All of these are reasons why I’ve invested a lot of time and energy into gaining and maintaining balance. Mindless optimism leads to a lot of pain, and now that my ability to cope with that is reduced I need another way to protect myself. Though looking back, I can see that actually I’ve been striving to balance my optimism out for a long time, since I first realised just how much it could hurt me.
I had a therapist a few years ago (only briefly, which was a shame because I liked her) who gave me a stack of cards bearing the names of different attributes and asked me to sort them into groups. One of the groups was ‘I want to be more…’ and I haven’t forgotten her bemused reaction when I placed the ‘critical’ card in that group.
Of course, I wasn’t thinking of the meaning as ‘disapproving/judgemental’ but as ‘carefully evaluating’. I doubt I’ll ever reach a place where I don’t see the best possible outcome of a situation, which is why when I am ‘carefully evaluating’ something I can appear to be focussing unduly on the negative aspects. I’m trying to see with the clearest eyes I can.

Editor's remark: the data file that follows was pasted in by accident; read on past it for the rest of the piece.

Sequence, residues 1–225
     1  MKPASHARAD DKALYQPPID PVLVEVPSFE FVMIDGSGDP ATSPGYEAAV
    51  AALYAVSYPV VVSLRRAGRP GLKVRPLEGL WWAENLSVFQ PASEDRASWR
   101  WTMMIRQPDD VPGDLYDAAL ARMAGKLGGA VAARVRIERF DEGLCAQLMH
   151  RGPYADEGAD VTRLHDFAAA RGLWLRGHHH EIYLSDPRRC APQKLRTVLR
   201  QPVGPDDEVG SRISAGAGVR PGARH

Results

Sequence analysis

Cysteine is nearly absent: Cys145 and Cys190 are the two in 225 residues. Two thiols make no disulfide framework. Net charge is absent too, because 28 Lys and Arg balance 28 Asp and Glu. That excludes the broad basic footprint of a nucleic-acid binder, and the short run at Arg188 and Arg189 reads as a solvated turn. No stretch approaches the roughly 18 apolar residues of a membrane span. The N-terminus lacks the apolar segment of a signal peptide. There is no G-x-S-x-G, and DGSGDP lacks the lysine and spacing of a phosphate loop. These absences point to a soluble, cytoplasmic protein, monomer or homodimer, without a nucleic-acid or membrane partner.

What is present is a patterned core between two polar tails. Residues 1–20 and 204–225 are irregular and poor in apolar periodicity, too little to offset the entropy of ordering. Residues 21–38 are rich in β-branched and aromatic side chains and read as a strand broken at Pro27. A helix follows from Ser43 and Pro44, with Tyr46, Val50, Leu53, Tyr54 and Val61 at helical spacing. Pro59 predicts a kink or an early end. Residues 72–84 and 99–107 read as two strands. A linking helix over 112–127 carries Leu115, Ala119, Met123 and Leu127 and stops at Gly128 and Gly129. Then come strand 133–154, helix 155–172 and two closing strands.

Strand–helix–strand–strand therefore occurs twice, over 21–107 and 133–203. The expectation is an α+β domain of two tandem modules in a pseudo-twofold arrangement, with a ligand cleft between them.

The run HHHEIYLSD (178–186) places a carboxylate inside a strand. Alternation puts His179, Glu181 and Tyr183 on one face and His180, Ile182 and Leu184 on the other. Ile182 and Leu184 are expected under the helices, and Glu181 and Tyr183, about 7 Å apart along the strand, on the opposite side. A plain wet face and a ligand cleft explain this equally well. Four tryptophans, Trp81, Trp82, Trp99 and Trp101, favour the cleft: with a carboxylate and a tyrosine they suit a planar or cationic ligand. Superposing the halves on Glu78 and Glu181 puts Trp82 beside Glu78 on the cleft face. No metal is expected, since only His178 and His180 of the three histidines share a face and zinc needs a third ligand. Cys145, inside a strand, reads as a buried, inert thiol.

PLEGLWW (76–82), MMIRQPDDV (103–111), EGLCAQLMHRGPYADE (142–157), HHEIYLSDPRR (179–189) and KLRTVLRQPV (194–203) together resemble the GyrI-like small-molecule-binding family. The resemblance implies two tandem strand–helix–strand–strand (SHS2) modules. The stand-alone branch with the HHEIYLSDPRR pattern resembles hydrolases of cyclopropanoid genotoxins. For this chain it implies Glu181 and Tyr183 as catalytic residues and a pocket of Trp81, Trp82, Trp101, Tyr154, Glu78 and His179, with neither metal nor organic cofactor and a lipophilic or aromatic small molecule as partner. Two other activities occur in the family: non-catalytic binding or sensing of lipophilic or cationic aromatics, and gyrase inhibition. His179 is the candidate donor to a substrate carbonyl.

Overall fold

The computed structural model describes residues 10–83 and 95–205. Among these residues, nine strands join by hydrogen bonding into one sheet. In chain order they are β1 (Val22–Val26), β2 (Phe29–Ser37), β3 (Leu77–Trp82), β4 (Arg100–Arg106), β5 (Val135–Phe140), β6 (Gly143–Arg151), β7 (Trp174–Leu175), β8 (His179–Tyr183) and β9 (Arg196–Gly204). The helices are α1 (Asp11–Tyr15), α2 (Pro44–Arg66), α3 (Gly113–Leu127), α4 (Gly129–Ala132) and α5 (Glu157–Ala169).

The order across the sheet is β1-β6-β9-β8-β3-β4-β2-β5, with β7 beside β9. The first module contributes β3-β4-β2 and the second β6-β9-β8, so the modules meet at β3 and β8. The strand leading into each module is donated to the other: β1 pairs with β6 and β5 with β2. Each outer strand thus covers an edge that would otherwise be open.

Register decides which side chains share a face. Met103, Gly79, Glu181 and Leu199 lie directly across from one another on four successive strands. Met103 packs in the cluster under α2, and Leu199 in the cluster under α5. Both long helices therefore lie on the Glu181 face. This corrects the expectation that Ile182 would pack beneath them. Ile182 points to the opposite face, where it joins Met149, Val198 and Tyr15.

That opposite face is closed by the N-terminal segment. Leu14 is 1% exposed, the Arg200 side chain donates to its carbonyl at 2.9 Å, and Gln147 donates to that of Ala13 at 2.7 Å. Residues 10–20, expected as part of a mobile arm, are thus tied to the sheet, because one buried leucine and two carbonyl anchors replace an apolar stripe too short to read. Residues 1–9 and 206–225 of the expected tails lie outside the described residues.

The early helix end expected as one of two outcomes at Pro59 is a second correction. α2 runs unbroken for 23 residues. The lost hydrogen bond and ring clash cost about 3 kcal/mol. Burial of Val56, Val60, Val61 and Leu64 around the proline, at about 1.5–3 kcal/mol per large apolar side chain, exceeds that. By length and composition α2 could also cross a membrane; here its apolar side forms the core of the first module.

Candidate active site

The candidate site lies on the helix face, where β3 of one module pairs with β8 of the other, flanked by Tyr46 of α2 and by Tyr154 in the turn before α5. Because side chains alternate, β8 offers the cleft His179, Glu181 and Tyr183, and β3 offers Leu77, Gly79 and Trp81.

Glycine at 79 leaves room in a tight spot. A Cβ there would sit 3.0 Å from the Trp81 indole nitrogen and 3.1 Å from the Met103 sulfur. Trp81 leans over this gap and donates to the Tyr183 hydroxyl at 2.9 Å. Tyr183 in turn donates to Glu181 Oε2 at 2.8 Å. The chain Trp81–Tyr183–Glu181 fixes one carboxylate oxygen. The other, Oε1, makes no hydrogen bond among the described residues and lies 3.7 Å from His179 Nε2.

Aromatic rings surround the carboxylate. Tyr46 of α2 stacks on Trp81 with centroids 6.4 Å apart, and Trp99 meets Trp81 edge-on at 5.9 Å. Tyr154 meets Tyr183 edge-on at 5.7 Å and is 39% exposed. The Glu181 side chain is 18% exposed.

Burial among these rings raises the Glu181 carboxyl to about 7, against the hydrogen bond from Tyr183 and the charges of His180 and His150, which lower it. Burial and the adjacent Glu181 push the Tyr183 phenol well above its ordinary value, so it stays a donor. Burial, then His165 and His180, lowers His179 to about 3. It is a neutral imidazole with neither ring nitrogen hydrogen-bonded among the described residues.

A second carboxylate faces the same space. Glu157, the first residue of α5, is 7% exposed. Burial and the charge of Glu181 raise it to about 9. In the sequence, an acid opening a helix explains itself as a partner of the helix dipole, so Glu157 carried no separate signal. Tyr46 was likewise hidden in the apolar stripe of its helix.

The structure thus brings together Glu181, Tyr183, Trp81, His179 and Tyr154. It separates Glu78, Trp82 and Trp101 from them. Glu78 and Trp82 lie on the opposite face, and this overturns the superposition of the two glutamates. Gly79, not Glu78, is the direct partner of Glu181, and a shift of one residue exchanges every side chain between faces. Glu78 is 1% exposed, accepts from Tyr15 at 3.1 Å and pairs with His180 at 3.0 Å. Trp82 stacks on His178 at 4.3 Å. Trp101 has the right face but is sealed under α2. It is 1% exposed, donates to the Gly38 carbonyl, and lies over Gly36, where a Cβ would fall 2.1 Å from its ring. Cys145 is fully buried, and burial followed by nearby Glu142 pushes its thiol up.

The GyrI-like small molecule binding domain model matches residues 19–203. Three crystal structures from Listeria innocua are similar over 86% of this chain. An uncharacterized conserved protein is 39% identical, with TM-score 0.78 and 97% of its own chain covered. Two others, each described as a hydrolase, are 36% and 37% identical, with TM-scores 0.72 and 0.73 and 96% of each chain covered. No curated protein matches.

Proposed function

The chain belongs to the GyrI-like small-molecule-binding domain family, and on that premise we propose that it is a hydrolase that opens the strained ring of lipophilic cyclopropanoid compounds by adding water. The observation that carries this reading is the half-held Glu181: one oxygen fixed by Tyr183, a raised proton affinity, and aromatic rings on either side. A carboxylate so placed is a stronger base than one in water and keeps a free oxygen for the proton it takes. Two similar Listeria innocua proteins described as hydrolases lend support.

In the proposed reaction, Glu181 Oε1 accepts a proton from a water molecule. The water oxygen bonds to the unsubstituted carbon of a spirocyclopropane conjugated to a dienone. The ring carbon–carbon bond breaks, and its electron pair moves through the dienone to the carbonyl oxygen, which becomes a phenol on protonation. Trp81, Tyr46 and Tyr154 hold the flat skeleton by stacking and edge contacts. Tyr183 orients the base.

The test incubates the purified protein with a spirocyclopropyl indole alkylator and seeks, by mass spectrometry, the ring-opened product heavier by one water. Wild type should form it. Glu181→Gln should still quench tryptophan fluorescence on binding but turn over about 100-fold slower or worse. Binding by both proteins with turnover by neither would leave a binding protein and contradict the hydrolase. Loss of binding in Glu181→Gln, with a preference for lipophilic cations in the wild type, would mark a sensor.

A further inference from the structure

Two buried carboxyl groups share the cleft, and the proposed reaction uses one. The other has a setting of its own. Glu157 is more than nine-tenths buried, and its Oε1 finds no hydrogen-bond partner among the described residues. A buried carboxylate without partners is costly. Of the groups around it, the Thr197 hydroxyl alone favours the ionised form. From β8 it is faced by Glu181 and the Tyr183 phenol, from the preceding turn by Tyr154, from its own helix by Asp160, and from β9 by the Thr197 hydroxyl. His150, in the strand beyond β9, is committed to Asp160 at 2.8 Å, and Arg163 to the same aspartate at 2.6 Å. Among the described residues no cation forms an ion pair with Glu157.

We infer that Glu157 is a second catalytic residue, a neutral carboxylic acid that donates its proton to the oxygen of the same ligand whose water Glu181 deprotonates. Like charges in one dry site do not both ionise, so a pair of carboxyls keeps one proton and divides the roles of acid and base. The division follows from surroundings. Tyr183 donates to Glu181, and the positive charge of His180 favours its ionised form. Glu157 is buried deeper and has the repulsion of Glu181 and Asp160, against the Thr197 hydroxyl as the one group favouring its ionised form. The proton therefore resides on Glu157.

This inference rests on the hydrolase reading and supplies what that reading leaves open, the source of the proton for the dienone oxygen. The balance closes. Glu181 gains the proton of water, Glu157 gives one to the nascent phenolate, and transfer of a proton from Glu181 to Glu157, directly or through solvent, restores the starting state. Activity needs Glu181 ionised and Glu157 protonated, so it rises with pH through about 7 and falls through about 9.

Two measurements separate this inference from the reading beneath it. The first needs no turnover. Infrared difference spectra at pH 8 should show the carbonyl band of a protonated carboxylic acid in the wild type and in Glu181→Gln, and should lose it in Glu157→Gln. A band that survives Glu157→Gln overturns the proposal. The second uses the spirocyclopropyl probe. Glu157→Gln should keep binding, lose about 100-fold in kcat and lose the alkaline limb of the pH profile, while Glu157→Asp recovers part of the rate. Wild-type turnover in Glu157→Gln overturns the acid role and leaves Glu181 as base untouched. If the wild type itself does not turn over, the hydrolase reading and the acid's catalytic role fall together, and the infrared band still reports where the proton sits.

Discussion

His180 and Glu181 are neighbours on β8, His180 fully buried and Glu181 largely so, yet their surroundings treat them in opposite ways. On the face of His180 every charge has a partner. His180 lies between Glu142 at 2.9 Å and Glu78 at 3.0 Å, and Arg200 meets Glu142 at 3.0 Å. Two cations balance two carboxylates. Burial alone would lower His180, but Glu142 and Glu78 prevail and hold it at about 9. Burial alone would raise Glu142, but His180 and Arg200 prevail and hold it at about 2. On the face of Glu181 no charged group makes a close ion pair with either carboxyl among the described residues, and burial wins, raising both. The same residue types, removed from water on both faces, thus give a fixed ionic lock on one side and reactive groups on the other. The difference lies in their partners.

I’ve come a long way and this actually comes fairly naturally to me now. I can be critical. I can easily recognise negatives, even expect them. I understand that things will often not go my way. I have learned to expect imperfection from the world, from people, from art, everything and even to comprehend that I can still love them despite their flaws (sometimes, anyway!).
Yet this has led to a strange dichotomy, because while these things now come naturally to my head (where I think and analyse, reason and consider), and even to my heart (where I splash around in the paddling pool of my feelings), my gut (where all the deep instinctual stuff lives in a murky cave but frequently emerges to roar and wave its tentacles) is another matter entirely. The gut is still a raging optimist.
If I just explained this in the right words, they’d get it…
If they really understood, than maybe…
Of course I’ll get awarded PIP, they couldn’t not give it to me, no matter how many other people are unfairly deprived…
I’ll just give them one more chance…
It’ll be better eventually…
They didn’t mean it that way…
It doesn’t matter how many facts I know. It doesn’t matter about the statistics, and the stories, and the warnings. No matter how many times I am disappointed or betrayed, the gut always thinks that the next time will be different. Often the next time is exactly the same, but the gut doesn’t care about that; it never learns.
And I am just so tired. I don’t have the energy any more to let the gut have its fun, to expend on defending and healing myself. To stand up after falling over, to inspect myself for damage, to clean myself up, to dress my wounds, to allow them to heal… it costs so much. Sometimes it feels as though it costs too much.